Hazara People: We do respect all ethnic groups in Afghanistan but Hazaras are not Afghan.
With Film, Afghan-German Is a Foreigner at Home
By MICHAEL SLACKMAN
Published: October 17, 2010
BERLIN — It has been many years since a German film student had a feature-length movie shown in the competition at the prestigious Berlinale International Film Festival, a distinction that can launch a career. That is what Burhan Qurbani is enjoying at the moment, with his film “Shahada.”
But rising fame can be double-edged, as Mr. Qurbani, 29, now understands, as his native country casts a critical eye on his work, and his life. He suddenly realizes that he is a foreigner at home, and that his audience sees him as an Afghan immigrant who made a movie about Islam, not as a talented German filmmaker who chose to explore issues common to all mankind.
“I’m seen as the Afghani who made the film about integration, and that hurts a little,” he said the other day, sitting at an outdoor cafe and smoking one hand-rolled cigarette after another.
The film’s characters, three young Muslims living in Berlin, confront issues like forbidden love and guilt. They seek refuge, and redemption, in religion. But context is what ultimately defines, and that is largely true with this film, which was produced in 2009 but released this year amid a heated public debate over integration and rising anti-Islamic sentiment in Germany and around the region.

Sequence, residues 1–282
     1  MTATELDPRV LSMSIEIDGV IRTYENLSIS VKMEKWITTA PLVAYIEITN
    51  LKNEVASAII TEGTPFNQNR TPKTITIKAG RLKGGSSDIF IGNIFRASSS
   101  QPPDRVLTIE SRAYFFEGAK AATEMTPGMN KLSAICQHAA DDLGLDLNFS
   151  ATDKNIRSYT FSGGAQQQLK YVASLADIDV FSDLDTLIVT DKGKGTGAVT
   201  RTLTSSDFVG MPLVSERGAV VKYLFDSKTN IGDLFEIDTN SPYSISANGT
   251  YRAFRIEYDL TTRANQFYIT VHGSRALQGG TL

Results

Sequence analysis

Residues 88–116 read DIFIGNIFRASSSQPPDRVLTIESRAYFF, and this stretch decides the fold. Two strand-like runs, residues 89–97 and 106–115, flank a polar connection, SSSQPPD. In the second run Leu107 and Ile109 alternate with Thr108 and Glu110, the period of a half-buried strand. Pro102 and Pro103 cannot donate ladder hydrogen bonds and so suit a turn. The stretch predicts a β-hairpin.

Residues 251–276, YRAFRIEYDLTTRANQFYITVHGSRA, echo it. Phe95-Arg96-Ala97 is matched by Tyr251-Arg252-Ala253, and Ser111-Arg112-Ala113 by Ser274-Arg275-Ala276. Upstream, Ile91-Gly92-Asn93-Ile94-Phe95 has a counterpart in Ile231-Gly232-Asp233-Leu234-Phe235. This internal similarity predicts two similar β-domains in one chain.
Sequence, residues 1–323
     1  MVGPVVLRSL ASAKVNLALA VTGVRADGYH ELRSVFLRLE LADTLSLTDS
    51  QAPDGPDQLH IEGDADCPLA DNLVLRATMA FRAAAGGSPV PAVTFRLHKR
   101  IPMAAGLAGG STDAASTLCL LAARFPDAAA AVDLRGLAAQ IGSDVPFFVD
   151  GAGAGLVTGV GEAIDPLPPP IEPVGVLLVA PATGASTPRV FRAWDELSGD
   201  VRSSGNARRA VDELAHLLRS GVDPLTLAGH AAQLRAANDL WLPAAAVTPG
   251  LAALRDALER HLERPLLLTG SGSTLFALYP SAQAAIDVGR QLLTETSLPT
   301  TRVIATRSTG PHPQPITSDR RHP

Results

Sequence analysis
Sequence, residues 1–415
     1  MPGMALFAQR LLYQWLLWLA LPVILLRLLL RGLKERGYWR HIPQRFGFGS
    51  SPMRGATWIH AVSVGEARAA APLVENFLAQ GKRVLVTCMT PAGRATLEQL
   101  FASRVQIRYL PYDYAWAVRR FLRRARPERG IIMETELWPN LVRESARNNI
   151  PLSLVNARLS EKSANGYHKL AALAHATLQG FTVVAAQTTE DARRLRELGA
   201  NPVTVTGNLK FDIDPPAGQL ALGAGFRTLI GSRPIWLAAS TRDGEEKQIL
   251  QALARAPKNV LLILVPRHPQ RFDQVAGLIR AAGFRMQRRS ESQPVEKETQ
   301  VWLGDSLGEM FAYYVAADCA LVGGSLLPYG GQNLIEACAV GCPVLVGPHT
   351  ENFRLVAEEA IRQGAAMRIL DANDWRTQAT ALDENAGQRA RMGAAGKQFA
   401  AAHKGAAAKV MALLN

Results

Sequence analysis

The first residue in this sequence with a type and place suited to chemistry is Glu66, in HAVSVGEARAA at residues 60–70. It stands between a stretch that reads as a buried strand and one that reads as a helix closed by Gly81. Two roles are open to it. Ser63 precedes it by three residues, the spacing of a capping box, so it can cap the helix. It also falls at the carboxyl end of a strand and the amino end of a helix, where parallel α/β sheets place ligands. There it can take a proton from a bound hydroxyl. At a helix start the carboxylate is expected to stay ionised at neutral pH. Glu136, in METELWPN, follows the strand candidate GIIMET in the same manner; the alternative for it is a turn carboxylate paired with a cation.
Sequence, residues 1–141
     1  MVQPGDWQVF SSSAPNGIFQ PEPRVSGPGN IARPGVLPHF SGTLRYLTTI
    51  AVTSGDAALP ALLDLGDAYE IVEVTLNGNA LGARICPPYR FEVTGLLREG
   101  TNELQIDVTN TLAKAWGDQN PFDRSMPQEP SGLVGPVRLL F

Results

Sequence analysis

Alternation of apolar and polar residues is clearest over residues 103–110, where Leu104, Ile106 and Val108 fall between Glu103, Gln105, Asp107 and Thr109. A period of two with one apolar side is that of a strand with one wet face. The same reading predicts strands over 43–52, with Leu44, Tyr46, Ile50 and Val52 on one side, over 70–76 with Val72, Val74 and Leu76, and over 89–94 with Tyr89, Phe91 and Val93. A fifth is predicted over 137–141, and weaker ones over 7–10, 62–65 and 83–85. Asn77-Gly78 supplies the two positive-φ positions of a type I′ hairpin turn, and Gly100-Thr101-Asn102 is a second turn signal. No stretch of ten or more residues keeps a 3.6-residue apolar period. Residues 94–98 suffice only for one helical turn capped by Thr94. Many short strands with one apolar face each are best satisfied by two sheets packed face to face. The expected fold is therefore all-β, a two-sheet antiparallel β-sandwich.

“Of course, I am German,” Mr. Qurbani said. “I have Afghani roots, I can’t deny that, but mostly, I am German.”
Mr. Qurbani’s personal narrative should be a tale of immigrant success. His parents fled the Soviet invasion of Afghanistan and settled in Germany. His father was an electrician, but his parents divorced, so his mother raised two boys with the help of public assistance. He received a first-rate education and had the chance to pursue his dream of becoming a filmmaker.
“Shahada,” his student thesis and debut feature-length film, was screened at the Berlinale festival in February, and was shown in theaters in Berlin in the past two weeks. On Saturday night, the Chicago International Film Festival awarded Mr. Qurbani the gold medal for best new director for “Shahada.”
“In a world packed with narratives that overlap, ‘Shahada’ pinpoints in precise moments the forces in its characters’ complicated lives — work and love, immigration and Islam,” said a statement announcing the awards. “The story is specific to Germany and Europe today, but universal in its implications.”